Socialist Worker

City bonuses could solve the pensions ‘crisis’ overnight

by Charlie Kimber
Issue No. 2015

Extraordinary figures released last week showed the scale of plunder by Britain’s top bosses.

Analysis by the Guardian newspaper shows that bonuses for executives in Britain’s boardrooms and City dealing rooms rose by 16 percent last year - reaching a total of

£19 billion.

That is equivalent to Britain’s entire annual transport budget.

It also throws into sharp perspective, for example, the assault on workers’ pensions.

In October last year the government claimed that by raising the pension age for new entrants in teaching, the NHS and the civil service from 60 to 65 they would save £13 billion by 2050.

So millions of people have to slog their guts out for an extra five years to claw back £13 billion over 45 years, while a few thousand of the very richest in society are allowed to pocket £19 billion without a word from ministers.

The loot grabbed by the wealthiest is a far greater emergency, requiring far more urgent action, than the so?called demographic timebomb, which is being used to undermine everyone’s pension rights.

Pay specialist Independent Remuneration Solutions revealed earlier this year that leading executives of Britain’s biggest companies now get £3.3 million a year on average including their large bonuses and pay?related incentive plans.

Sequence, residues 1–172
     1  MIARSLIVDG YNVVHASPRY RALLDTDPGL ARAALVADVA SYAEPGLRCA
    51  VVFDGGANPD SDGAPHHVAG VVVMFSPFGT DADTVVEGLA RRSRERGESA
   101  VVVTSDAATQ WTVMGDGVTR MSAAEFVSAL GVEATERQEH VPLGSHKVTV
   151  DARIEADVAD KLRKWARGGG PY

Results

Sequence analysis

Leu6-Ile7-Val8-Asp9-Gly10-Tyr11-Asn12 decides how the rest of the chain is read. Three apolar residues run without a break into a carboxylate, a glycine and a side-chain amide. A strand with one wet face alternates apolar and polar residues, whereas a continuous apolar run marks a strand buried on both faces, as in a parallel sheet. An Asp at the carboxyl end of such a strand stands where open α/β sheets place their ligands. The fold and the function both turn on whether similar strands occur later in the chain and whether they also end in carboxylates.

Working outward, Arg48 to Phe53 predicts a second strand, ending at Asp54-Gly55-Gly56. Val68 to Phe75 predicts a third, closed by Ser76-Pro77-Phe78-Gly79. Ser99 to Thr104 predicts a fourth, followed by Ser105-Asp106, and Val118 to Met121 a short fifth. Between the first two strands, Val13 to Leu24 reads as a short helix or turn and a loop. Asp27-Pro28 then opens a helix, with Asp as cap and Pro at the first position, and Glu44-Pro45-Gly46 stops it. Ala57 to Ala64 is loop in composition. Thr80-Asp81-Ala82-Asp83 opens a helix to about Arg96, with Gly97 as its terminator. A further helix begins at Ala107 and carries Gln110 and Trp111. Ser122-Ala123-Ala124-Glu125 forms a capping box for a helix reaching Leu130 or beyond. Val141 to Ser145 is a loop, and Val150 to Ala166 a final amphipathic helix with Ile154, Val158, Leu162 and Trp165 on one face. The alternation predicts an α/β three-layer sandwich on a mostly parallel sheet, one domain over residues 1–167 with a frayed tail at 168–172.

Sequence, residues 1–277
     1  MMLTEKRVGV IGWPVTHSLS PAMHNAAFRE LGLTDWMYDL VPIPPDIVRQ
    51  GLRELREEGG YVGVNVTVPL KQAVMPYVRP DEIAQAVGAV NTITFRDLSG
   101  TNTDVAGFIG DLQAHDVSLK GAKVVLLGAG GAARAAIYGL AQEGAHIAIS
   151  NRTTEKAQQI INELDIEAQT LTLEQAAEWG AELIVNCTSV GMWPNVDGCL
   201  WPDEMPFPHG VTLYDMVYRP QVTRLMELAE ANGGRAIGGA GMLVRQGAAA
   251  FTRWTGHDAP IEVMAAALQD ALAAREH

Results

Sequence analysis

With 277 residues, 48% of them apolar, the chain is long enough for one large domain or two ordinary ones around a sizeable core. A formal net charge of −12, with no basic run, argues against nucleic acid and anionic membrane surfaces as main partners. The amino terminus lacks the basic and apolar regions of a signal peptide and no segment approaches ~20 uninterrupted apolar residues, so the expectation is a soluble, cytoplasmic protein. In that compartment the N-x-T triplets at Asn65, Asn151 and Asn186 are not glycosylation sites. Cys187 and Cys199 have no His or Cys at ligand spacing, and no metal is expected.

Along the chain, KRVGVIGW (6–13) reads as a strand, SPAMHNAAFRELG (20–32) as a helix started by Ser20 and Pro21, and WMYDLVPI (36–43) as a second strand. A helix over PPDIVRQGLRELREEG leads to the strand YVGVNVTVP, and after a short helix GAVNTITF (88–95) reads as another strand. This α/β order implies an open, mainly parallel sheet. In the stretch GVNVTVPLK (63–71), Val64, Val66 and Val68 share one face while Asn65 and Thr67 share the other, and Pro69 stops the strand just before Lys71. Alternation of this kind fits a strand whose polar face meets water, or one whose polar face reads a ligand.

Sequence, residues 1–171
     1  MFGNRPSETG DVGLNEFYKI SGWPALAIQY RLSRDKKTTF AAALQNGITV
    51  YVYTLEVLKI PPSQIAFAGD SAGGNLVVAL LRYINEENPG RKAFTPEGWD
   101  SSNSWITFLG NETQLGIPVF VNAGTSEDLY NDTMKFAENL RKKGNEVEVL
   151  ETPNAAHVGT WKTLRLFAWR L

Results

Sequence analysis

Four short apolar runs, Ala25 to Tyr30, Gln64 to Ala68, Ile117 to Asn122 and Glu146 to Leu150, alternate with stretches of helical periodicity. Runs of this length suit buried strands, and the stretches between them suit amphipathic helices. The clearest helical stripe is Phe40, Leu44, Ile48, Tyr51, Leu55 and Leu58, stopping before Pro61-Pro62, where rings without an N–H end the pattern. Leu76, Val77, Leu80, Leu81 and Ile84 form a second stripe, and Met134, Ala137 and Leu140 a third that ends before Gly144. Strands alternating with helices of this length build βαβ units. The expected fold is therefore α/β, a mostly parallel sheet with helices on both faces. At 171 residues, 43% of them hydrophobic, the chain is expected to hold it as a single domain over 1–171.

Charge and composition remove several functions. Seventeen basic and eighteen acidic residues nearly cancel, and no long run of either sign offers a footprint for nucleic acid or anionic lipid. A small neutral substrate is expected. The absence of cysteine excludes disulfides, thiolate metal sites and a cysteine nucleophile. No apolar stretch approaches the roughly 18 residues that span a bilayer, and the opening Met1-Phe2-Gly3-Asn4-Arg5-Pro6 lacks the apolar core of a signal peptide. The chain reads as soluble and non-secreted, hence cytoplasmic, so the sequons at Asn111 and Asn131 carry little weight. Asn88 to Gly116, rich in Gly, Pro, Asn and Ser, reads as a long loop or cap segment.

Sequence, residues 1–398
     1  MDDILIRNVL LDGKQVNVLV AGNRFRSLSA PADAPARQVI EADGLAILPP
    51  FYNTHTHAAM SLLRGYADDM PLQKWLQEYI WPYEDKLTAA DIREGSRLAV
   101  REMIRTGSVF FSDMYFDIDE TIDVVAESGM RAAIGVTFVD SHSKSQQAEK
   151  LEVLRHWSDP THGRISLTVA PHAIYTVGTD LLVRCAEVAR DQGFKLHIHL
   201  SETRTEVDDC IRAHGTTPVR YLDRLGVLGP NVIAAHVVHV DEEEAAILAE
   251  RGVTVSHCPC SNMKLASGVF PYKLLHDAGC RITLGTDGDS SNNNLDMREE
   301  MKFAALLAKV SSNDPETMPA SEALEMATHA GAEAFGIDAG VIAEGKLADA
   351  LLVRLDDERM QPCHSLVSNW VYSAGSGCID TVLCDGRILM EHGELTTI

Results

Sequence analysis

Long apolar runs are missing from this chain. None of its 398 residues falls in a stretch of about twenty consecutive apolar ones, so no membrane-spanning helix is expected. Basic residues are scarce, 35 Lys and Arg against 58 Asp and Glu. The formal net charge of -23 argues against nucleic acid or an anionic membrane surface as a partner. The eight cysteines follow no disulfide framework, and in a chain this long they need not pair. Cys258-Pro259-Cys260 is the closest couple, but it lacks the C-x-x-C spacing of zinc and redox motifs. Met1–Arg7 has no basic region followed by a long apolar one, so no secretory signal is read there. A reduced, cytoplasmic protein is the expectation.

The huge handouts to executives are helping to force up house prices.

The super-rich compete for a limited number of homes and also buy second and third homes. This forces up prices for everyone else.

Thrown on the scrapheap

Over one million 50-65 year olds who want to work can’t get a job because employers won’t recruit older workers, according to a new TUC report.

The TUC also accuses businesses of failing to retain the older workers they already employ by investing in training or making minor adjustments for disabilities.

The report, Ready Willing and Able, claims that of the 2.6 million in the age range who are currently unemployed or economically inactive, more than a third want a job, with 250,000 of them actively seeking employment.

The fact they can’t get a job shows how the government’s pension strategy of making everyone work longer will fail even in its own terms.

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Article information

Sat 26 Aug 2006, 00:00 BST
Issue No. 2015
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